Our women like their guns: grandmas and self defense

The stigma surrounding gun ownership is diminishing as an increasing number of women, from all socioeconomic backgrounds, reportedly own firearms.

People may be surprised to hear that one of the millions of women packing heat could be a neighbor, a bank teller, or even a grandmother. Michiana firing ranges and gun stores recognize the fact that there is a greater demand for not only firearms, but training in personal defense and defensive gun use as well.

According to the Pew Research Center, the vast majority of gun owners say that having a gun makes them feel safer. Similarly, the number of gun owners naming “protection” as their top reason for having a firearm has risen 22 percentage points since 1999.

In February, 2013, Pew Research Center found that nearly half of all gun owners (48 percent) stated their primary reason for owning a gun was personal protection, while 32 percent said it was hunting, and a small percentage claimed things like target shooting.

But how often do people with firearms actually use their guns to ward off crime?

The numbers vary.

According to National Crime Victimization Surveys (NCVS) anywhere from 55,000 to 80,000 victims use their guns against offenders each year. Other criminologists have estimated that over two million people use a firearm for protection against criminals annually.

We may never know the exact number of times victims of crime uses their firearm, nonetheless, people still want to know how to use their guns just in case such an attack happens.

PREVENTION AND TRAINING:

Midwest Gun and Range in Elkhart offers NRA basic handgun training, personal protection in the home and basic rifle training, as well as a slew of specialty classes. Over in South Bend, Kodiak Firing Range teaches courses about managing confrontation, ladies personal defense and assault prevention, unarmed combatants, firearm retention, as well as seminars on refusing to be a victim.

The faces attending these classes are increasingly female, and range in age from young women to senior citizens. The faces of gun sales representatives and instructors are changing as well.

Over at Midwest Gun Exchange, Sharon Walbert meets with a lot of female clients looking to purchase a firearm for the first time. Walbert explained that many women feel more comfortable asking questions and dealing with female sales associate when it comes to purchasing a firearm.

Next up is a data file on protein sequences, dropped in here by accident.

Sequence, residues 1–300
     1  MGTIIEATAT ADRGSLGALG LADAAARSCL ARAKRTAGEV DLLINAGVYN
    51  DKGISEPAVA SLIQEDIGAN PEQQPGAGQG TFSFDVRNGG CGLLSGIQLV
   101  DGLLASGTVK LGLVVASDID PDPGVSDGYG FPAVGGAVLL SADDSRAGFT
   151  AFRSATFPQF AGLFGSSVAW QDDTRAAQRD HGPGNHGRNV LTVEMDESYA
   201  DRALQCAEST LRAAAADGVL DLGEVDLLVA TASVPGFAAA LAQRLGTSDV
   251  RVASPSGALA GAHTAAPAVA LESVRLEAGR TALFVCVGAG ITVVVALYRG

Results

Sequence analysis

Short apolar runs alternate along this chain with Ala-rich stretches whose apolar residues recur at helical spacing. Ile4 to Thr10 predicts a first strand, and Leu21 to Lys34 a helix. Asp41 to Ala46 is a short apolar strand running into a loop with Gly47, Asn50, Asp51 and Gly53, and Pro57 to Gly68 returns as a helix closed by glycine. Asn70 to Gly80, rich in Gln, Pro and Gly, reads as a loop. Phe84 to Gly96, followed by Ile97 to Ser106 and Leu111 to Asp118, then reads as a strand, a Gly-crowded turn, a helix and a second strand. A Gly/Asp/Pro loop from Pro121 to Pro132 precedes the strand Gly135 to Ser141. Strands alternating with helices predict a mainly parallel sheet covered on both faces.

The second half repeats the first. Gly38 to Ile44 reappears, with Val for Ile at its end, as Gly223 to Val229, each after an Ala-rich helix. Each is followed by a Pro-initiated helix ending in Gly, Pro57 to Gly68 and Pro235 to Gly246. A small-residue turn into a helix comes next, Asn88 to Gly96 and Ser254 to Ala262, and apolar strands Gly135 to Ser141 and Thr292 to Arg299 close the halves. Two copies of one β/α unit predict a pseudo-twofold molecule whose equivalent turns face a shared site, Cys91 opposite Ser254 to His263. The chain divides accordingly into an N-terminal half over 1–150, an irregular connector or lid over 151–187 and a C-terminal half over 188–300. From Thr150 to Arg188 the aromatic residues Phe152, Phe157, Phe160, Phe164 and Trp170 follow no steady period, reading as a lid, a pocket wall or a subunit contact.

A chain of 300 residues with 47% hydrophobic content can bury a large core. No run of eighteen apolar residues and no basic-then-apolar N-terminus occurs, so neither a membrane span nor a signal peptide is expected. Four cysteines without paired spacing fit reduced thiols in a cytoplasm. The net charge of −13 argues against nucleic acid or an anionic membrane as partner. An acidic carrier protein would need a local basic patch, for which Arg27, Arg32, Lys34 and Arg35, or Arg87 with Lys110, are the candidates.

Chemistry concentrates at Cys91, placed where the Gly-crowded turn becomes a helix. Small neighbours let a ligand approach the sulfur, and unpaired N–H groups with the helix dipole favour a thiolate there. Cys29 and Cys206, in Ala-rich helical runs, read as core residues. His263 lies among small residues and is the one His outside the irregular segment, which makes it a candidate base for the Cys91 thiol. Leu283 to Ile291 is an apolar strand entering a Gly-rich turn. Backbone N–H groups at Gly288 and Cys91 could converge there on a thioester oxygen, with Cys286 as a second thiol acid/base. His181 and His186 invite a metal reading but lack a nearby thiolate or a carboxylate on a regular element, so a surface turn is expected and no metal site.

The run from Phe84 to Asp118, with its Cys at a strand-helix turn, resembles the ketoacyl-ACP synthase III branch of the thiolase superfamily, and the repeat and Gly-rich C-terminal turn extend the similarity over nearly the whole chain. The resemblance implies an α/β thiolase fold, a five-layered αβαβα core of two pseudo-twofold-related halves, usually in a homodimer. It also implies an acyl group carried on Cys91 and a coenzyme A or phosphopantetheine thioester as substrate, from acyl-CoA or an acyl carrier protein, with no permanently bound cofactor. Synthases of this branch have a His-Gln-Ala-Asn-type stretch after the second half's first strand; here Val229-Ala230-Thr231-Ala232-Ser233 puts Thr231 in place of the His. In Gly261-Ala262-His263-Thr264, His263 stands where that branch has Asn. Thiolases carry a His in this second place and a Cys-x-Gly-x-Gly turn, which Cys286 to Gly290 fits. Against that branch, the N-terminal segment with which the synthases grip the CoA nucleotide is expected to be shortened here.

“I see young women, middle aged women, I see grandmas, and every one of them want to know about guns and how to carry a gun, and how to buy a gun and what do I need to help me use this gun for the training,” Sharon explained.

But beyond first timers, Sharon said she’s met with women who have taken a fear of guns and transformed it into something pro-active.

REFUSING TO BE VICTIMIZED:

Sandra Hochstedler of South Bend knows firsthand how to refuse becoming a victim.

In 2009, this brave Michiana grandmother made national headlines for holding an intruder at gunpoint.

It was around 8:30 p.m. on a cold January night when Hochstedler was outside chopping wood. She remembers hearing her neighbor’s dog barking and seeing an automatic outdoor light being tripped by someone walking nearby.

She hurried her step and was able to close the door to her house before 28-year-old Cyrus Brown made his way onto her back porch.
As Brown broke through a window, Hochstedler ran to her bedroom, picked up her phone to call 911 and grabbed her handgun.

Hochstedler didn’t hesitate to order Brown to the floor of her kitchen and threaten to shoot if he moved.

“Everybody always asks me: why didn’t you shoot him?” Hochstedler explained, “you can’t just shoot someone that’s doing everything you’re telling them to do.”

Even though it has been more than four years since the incident, and her attacker is tucked away behind bars, Hochstedler still feels unsafe.

“It has changed me in a way that I really didn’t want to be changed,” said Hochstedler. She now carries her gun whenever she goes outside on her property. When she’s indoors, Hochstedler said her gun is never more than six feet away from her at any time.

Hochstedler’s encounter is exactly what many women fear could happen.

“I want to know if somebody comes into my home that I am perfectly capable of taking care of myself,” said Valerie, a regular marksman at Kodiak Firing Range, “Whether I have somebody at home with me, whether I have somebody staying with me, children around, I want to know I am capable of staying safe.”

While others, personal protection in the home has become secondary to shooting as a sport.

More and more frequently women are going to firing ranges for fun.

They describe the social aspect of female only clubs and ladies nights on the range as an excellent way to learn and communicate with a community of women sharing an interest in firearms.


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